Cyclist fatalities reached a multi-decade high in 2021.
According to a recent report from the National Highway Traffic Safety Administration, 966 pedal cyclists were killed in traffic crashes in 2021. That marked the most deaths in one year since 1975. The latest number marks a back-to-back annual increase in national cycling deaths.
In 2020, 948 cyclists were killed on roadways, and in 2019, that number was 858.
“Traffic fatality data in the United States is trending in the wrong direction,” Ken McLeod, policy director of The League of American Bicyclists, wrote in an email. “Especially for people outside of vehicles, the last decade has seen consistent increases in traffic deaths leading to multi-decade highs.”
NHTSA fatality data paired with U.S. Census Bureau data shows there were 2.7 fatal bicycle crashes on average for every million U.S. residents between 2017-2021. That was up 5% from 2012-2016. Cycling fatalities occurred in every state in 2021, and more than half of the total deaths occurred in the top five states of Florida, California, Texas, New York and Arizona.
Pedal cyclist fatalities in urban areas have increased by 62% since 2012; meanwhile, they decreased by 38% in rural areas. The overall proportion of people killed “outside the vehicle” (motorcyclists, pedestrians, pedal cyclists, and other nonoccupants) has increased from a low of 20% in 1996 to a high of 34% in 2021.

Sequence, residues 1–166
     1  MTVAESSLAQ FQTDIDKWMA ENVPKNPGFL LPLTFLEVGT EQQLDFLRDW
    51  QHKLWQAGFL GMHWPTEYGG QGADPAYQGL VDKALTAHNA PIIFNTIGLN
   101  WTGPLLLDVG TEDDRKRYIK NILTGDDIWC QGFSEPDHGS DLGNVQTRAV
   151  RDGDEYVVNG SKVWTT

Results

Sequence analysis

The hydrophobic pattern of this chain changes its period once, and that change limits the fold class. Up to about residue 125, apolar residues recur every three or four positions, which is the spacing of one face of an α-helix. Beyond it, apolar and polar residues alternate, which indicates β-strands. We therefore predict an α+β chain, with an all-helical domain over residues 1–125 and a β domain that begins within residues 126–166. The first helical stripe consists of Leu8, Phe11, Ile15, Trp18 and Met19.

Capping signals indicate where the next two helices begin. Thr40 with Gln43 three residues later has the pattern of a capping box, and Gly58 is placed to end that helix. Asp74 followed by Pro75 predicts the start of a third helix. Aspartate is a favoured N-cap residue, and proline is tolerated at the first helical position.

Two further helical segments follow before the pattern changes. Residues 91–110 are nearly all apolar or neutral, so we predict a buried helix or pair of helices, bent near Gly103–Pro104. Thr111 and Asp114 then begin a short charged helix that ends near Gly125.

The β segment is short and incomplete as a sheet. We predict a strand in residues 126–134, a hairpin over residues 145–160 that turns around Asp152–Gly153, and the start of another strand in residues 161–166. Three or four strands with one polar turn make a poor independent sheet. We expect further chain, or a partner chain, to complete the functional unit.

Cycling fatalities made up about 2.2% of total traffic fatalities in 2021. The NHTSA also reports the number of pedal cyclists injured in traffic crashes reached 41,615 in 2021 – a 7% increase from 2020.
According to the NHTSA, 42,939 people were killed in motor vehicle traffic crashes on U.S. roadways during 2021 – the largest number of fatalities since 2005. That figure also represents a 10% increase from the 39,007 fatalities in 2020, meaning 3,932 more people were killed in traffic crashes in 2021.
Both pedestrian and motorcyclist fatalities have been rapidly rising in recent years.
“While the trends are disturbing, we should not be discouraged into thinking that traffic deaths are inevitable,” McLeod wrote in an email. “Most other wealthy countries do not experience anywhere close to the rate of traffic deaths experienced by Americans. Reducing traffic deaths is both possible and necessary and will take systematic investments to create safer places to bike, walk, and drive that prioritize safety over speed.”
Read the full report on the NHTSA website.
Was this article valuable?
Here are more articles you may enjoy.